Virginia’s privatized mental health care system is a shambles and may be riddled with corruption and incompetence.
State Senator Creigh Deeds is absolutely right to file a $6 million wrongful death suit against the state of Virginia, a mental health evaluator, and an agency that did not find a hospital bed for his mentally ill son. That son, denied a bed when some were available, ended up repeatedly stabbing his father and then killing himself.
The sad truth is when young Austin Deeds was having a psychotic incident and needed hospitalization; the Deeds family was told there were no beds available. Beds were available; the young man could have been evaluated and treated. The person checking on bed-availability didn’t have the correct phone number. This is incompetence at its worst—it cost a life and brought agony to a family trying to get help for their seriously ill son.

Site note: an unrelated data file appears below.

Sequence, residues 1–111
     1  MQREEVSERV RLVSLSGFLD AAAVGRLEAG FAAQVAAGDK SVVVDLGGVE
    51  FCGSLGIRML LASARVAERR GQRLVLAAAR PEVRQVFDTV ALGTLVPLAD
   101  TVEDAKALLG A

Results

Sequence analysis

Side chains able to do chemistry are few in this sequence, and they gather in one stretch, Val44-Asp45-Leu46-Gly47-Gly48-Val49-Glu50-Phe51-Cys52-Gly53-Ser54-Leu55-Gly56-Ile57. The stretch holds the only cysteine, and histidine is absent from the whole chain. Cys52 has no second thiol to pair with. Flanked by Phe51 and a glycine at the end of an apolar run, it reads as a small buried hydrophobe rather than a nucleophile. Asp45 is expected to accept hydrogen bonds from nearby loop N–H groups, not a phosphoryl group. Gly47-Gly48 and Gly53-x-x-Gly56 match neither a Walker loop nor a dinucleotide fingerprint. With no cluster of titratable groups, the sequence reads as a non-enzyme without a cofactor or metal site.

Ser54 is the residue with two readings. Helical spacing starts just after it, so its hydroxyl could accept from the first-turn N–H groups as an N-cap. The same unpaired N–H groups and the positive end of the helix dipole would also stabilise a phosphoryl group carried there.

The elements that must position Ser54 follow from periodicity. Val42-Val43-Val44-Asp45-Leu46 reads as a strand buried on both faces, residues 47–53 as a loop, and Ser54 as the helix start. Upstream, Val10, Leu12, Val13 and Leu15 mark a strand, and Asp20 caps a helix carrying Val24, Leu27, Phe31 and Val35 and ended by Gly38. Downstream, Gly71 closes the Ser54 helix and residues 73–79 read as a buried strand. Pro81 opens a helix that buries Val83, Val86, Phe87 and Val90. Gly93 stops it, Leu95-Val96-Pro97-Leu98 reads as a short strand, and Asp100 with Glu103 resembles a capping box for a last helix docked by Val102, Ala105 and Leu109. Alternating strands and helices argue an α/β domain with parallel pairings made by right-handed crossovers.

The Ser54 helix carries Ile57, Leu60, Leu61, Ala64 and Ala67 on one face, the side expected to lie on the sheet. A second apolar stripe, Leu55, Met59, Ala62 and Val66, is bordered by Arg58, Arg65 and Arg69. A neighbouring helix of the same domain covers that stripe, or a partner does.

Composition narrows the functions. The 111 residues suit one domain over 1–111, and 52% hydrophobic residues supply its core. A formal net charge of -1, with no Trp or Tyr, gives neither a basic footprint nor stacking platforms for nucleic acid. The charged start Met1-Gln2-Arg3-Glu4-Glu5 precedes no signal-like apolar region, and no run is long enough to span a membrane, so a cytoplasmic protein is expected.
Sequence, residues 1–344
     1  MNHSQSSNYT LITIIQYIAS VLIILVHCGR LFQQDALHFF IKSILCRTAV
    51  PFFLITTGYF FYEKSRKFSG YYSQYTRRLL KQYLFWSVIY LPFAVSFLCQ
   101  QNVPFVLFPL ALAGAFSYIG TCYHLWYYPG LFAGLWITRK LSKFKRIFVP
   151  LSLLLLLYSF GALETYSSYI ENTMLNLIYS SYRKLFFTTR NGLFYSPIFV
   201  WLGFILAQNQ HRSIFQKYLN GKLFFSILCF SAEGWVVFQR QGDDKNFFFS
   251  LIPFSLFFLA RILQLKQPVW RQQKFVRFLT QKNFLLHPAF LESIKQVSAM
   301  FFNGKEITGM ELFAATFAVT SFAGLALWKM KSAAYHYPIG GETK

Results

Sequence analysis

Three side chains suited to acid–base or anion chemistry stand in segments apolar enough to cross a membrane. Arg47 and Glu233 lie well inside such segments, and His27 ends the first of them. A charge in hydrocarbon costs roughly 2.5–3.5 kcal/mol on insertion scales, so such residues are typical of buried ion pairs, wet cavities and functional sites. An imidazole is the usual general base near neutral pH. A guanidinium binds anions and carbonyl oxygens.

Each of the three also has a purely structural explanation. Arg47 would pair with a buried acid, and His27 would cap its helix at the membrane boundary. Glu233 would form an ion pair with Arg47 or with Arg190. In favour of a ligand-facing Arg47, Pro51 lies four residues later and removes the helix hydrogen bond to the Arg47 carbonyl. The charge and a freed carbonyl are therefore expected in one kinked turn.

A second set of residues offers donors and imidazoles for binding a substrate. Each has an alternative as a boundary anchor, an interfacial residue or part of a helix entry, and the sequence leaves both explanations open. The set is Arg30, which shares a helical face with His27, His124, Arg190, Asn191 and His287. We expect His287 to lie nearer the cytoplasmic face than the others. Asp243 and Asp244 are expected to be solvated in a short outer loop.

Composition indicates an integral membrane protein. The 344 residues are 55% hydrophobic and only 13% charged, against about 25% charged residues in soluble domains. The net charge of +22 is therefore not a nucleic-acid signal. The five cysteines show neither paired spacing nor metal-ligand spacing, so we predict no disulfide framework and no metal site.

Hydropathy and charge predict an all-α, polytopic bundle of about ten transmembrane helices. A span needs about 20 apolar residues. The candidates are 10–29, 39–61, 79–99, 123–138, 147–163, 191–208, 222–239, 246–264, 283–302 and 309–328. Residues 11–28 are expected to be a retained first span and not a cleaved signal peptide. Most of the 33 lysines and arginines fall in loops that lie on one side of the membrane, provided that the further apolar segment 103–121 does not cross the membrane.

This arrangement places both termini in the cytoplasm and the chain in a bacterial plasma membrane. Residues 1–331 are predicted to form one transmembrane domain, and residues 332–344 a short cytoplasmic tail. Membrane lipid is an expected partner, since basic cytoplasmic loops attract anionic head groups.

Governor McAuliffe, since the Deeds tragedy, has signed a law that allows more time to find beds for psychiatric patients. The law also compels the state to maintain a “real-time” online registry of available beds. If you are dealing with people who cannot even get the phone numbers correct, how can you expect them to operate and maintain a “real-time” online registry of available beds. The actions of the state legislature and the Governor are too little, too late for the Deeds family.
The closing of state-run mental health facilities is coming home to roost; it certainly did for the Deeds family. It is hard to believe that a state facility could do a poorer job than did the Rockbridge Community Services Board in dispatching Michael Gentry to evaluate young Deeds.
The fact is that the Virginia legislature repeatedly cut mental health funding; it has closed hospitals, and turned the mental health program over to incompetents who cannot even get a phone number straight.
The Virginia General Assembly should be ashamed of itself for tightening the budget at the expense of one of the most vulnerable segments of society—the mentally ill.